Compressed sleep

As long as I can remember, going to sleep an hour or two later means waking up earlier than normal. I didn’t realize there was a pattern until almost 40. And even since it still boggles that it exists.

It seems logical that going to sleep later should result in waking later. Maybe at the same time with aid of an alarm. But, for me, it means waking up before the alarm.

Let’s hope this is not genetic.

Tryptophan, insulin, and melatonin

toddler lying on pink fleece pad

Photo by SHAHBAZ AKRAM on Pexels.com

A few times now, I have gotten Fleur to sleep right after eating lunch. I know the daycare times it this way. It seemed arbitrary until I tried it and found it easy to get her to sleep.

Then I remembered something I read a while ago: Meats contain tryptophan. Fruits and sweets contain carbohydrates. At Thanksgiving and Christmas, we eat feel drowsy because of eating both. The carbohydrates prompts the release of insulin to use the branched-chain amino acids in rebuilding muscle, but the tryptophan is left behind. The tryptophan is metabolized into serotonin which is metabolized into melatonin. The last is what gives us that drowsy feel.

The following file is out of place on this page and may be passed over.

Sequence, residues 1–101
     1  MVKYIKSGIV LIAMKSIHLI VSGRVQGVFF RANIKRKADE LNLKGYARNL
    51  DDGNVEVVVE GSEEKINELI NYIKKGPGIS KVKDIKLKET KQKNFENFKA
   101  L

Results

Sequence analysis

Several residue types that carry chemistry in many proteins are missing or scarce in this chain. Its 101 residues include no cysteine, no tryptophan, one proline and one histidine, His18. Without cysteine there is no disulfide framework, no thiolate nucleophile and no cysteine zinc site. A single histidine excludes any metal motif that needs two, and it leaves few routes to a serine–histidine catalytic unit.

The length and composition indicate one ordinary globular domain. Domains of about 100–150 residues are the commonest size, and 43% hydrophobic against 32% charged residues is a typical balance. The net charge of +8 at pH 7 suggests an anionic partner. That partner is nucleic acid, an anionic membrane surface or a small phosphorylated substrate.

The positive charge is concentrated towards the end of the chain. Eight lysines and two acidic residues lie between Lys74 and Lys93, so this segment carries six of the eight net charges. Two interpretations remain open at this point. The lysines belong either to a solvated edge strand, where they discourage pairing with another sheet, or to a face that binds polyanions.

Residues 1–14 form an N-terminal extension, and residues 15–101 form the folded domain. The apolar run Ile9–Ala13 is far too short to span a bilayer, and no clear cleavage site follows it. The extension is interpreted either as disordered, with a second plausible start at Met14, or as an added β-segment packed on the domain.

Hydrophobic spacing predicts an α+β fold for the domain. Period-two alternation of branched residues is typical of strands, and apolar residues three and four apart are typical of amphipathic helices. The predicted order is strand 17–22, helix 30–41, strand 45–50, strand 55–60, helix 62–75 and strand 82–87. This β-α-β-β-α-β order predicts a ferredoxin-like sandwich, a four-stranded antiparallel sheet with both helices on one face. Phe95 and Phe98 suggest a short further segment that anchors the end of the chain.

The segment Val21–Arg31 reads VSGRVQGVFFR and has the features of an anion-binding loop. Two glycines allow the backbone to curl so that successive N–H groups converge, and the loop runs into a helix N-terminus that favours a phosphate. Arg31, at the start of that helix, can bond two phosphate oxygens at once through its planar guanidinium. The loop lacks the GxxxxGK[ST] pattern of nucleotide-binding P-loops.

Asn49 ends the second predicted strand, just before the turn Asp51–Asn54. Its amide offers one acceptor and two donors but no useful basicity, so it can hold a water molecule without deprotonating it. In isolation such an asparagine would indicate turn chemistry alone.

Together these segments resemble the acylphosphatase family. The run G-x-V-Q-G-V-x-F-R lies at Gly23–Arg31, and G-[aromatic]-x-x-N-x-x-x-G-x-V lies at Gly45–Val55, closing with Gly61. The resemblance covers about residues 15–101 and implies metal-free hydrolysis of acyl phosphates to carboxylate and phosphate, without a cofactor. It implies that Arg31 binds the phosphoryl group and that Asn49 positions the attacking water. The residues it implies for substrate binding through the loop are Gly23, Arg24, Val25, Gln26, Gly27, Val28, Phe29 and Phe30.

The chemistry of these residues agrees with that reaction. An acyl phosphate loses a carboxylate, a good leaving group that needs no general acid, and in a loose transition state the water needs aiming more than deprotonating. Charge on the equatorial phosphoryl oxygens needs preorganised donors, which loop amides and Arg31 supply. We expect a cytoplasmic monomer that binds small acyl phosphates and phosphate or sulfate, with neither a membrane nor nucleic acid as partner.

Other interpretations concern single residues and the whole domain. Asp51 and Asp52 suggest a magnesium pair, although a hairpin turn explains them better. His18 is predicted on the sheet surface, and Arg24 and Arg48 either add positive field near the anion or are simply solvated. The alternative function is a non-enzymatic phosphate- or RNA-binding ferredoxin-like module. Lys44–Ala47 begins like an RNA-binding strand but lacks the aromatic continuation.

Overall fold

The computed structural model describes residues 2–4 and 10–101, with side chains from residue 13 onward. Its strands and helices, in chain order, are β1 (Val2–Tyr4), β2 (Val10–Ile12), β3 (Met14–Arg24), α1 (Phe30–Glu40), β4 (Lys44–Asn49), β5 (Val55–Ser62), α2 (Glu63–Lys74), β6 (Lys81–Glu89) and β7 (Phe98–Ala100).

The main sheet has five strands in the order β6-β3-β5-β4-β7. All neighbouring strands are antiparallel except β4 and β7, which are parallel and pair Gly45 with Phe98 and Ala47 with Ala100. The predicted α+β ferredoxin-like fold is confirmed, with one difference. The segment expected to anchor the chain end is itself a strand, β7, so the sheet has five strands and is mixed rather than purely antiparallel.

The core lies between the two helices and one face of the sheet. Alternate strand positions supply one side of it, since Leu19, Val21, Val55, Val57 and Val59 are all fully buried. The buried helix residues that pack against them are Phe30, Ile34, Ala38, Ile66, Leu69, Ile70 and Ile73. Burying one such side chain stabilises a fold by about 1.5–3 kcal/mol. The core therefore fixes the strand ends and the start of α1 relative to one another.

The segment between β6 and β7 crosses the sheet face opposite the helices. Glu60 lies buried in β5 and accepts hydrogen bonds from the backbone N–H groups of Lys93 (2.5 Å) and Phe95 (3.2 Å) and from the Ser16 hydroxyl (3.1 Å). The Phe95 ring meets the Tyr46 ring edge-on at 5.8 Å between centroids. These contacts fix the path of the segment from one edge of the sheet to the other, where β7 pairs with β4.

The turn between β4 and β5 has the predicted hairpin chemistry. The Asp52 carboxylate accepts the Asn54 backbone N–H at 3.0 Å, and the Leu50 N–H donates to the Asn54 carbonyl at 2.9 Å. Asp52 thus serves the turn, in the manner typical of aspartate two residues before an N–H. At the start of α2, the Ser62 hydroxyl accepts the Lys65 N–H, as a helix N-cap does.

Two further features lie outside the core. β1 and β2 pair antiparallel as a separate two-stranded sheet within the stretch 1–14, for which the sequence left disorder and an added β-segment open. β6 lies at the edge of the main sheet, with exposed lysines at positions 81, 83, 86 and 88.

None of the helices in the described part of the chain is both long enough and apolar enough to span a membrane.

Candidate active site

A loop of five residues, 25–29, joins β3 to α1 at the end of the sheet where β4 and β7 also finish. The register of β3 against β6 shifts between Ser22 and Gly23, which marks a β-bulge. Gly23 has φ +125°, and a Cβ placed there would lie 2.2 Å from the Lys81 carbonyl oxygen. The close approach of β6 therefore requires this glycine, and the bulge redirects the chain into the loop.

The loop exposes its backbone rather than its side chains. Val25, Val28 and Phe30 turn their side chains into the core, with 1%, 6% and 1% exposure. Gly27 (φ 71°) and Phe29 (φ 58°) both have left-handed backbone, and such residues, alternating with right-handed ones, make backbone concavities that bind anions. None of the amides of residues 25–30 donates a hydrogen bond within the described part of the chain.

So, I now suspect the trick to getting the little one to take that nap is to get her full and use the excess melatonin as another nudge to “Go the #$@! to sleep!” That may also mean supper needs to be right before the bath when the neurotransmitter is maxed out.